Perceptions of sexual harassment: The effects of gender, legal standard, and ambivalent sexism

Richard L. Wiener, Linda Hurt, Brenda Russell, Kelley Mannen, Charles Gasper

Research output: Contribution to journalArticlepeer-review

69 Scopus citations


This research tests the possibility that the reasonable woman as compared to the reasonable person test of hostile work environment sexual harassment interacts with hostile and benevolent sexist beliefs and under some conditions triggers protectionist attitudes toward women who complain of sexual harassment. We administered to a sample of undergraduates the ambivalent sexism inventory along with the fact patterns in two harassment cases and asked them to make legally relevant decisions under either the reasonable woman or person standard. We found that those high in hostile sexism, and women, found more evidence of harassment. However, those high in benevolent sexism did not exhibit the hostile sexism effects. Although men were less sensitive to the reasonable woman standard than women, under some conditions the reasonable woman standard enabled both genders to find greater evidence of harassment. The results are discussed from the perspectives of law and psychology.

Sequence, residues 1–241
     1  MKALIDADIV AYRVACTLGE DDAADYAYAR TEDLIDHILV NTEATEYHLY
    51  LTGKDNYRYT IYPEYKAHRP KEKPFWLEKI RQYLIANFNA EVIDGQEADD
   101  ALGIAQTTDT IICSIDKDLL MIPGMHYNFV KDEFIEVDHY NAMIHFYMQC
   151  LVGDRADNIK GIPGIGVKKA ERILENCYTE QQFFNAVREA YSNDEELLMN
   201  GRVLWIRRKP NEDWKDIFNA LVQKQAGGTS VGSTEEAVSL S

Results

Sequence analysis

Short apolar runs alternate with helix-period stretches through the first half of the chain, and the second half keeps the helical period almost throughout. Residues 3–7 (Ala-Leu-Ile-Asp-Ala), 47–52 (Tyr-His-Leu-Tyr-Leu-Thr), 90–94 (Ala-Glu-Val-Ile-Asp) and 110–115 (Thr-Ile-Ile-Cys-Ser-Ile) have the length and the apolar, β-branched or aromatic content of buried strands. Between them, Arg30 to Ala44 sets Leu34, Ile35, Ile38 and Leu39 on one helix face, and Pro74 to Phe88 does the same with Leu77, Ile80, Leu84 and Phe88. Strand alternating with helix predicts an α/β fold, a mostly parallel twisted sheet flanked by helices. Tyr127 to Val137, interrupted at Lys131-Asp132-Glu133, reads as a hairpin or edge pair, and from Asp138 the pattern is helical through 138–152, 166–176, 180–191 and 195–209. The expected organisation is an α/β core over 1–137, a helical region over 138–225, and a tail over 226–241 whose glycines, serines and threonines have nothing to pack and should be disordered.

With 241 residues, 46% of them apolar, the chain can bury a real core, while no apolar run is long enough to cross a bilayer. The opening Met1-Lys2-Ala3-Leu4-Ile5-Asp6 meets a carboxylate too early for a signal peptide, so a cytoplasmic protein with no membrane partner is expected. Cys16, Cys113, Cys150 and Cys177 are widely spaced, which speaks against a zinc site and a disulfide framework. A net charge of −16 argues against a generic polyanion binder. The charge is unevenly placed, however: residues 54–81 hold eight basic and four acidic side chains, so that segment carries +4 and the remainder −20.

Original languageEnglish (US)
Pages (from-to)71-93
Number of pages23
JournalLaw and human behavior
Issue number1
StatePublished - 1997
Externally publishedYes

ASJC Scopus subject areas

  • Arts and Humanities (miscellaneous)
  • Psychology(all)
  • Psychiatry and Mental health
  • Law

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